Which is not to say that Washington, Adams, Jay, Hamilton, and their Federalist pals deserve untarnished reputations (though the curmudgeonly John Adams would be amazed to hear that he had one to begin with). As Rosenfeld/Duane asserts, the founding Federalists were ambitious, self-interested, and hyper-sensitive to criticism. Some were avid land speculators; others had political appetites that far exceeded their capabilities. Washington was not a stellar military commander and could not have won the war without France's aid, and John Adams was, indeed, vain and self-absorbed. These men zealously protected their reputations, even to the point of silencing their foes. Certainly, when contemplating the annals of history, they attempted to doctor the historical record, re-writing or destroying problematic correspondence. Yet, all of these things were true of their Republican opponents as well. In his eagerness to create a suppressed "truth" about the Federalists, Rosenfeld sometimes suggests differently. For example, writing of Washington's death, Rosenfeld/Duane informs readers that Martha Washington "immediately" burned some of his papers, his nephew Bushrod discarded some, and then licensed their publication to Jared Sparks, who "will control, withhold, and even reword them (for the sake of Washington's reputation) and will be their only publisher for the next hundred years" (p. 726). Apart from overlooking John Marshall's five-volume 1805 biography of Washington, written with original papers under the inspection of Bushrod Washington, this statement suggests the onset of a historical conspiracy to protect Washington's image, rather than the haphazard documentary practices of the early nineteenth century, inflicted on the papers of many, if not most of the Founders.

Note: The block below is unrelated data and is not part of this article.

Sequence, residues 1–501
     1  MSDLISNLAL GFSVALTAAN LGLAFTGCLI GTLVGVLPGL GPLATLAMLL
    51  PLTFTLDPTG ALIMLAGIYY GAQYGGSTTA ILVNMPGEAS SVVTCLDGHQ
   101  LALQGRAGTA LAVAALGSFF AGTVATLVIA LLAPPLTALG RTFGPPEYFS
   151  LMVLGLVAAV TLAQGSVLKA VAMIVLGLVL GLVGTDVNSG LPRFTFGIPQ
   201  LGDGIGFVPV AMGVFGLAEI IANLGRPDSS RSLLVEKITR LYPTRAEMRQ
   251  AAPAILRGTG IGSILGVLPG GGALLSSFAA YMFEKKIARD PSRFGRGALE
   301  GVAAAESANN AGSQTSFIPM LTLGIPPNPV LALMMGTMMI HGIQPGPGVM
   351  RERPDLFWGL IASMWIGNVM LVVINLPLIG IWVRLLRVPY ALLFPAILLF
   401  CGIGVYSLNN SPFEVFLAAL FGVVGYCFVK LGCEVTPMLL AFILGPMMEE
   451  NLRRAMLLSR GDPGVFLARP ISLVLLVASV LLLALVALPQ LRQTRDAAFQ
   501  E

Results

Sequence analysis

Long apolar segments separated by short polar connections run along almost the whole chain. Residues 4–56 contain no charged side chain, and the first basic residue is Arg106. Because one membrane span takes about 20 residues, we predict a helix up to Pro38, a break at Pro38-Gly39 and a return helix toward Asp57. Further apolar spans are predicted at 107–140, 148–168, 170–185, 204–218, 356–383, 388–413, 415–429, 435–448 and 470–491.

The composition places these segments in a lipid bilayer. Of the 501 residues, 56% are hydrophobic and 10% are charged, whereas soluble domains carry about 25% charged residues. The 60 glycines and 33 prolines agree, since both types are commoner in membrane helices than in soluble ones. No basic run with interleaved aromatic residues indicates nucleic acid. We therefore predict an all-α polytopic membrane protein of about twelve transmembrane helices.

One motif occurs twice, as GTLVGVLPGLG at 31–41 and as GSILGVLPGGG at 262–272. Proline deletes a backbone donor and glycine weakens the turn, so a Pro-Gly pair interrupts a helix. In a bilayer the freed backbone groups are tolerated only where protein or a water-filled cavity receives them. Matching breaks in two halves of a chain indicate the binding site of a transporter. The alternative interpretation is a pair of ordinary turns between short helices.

Minor though they might seem, such half-truths and creative adaptations have some force when taken collectively. One wonders what an average member of the reading public would conclude. For such is Rosenfeld's audience. As he informs us in his final note, he hopes that American Aurora will show "First, that historians and publishers need not fear exposing the public to large quantities of history's source materials which comprise, after all, our safest vehicle for time travel," and "Second, that the public need not eschew footnotes or resort to historical fiction to find the past exciting. History's first-person/present-tense materials, properly presented, can be thrilling"--praiseworthy goals that I endorse heartily. Yet would the reading public know that it was not John Adams alone who "ended America's freedoms of speech and of the press"--that the Alien and Sedition Acts were acts of Congress born of real fears, rather than further evidence of Adams's evil monarchical plot (p. 523)? Would they know that future Republican James Madison contributed to the Federalist essays (1787-1788), depicted by Rosenfeld/Duane as a highly suspect centralizing tome, largely the work of "Alexander Hamilton, the New York lawyer and Federalist leader who prefers a hereditary monarch and senators for life" (p. 480)? Would they know that Thomas Paine's chilling condemnation of George Washington, quoted throughout Rosenfeld/Duane's account of the Revolution, was not an objective appraisal penned in the 1770s, but rather, a 1796 outburst of rage at Washington's supposed refusal to gain Paine's release from a French prison (p. 276)? Given the book's format, readers would logically conclude that Paine's words, appearing under a heading such as "Sunday, March 17, 1776" are contemporaneous with the events described. Indeed, although Rosenfeld informs us that his newspaper excerpts are supplemented by "same-day reactions" from Aurora readers and "same-day writings" of government officials, some of his evidence was written decades later (p. xi).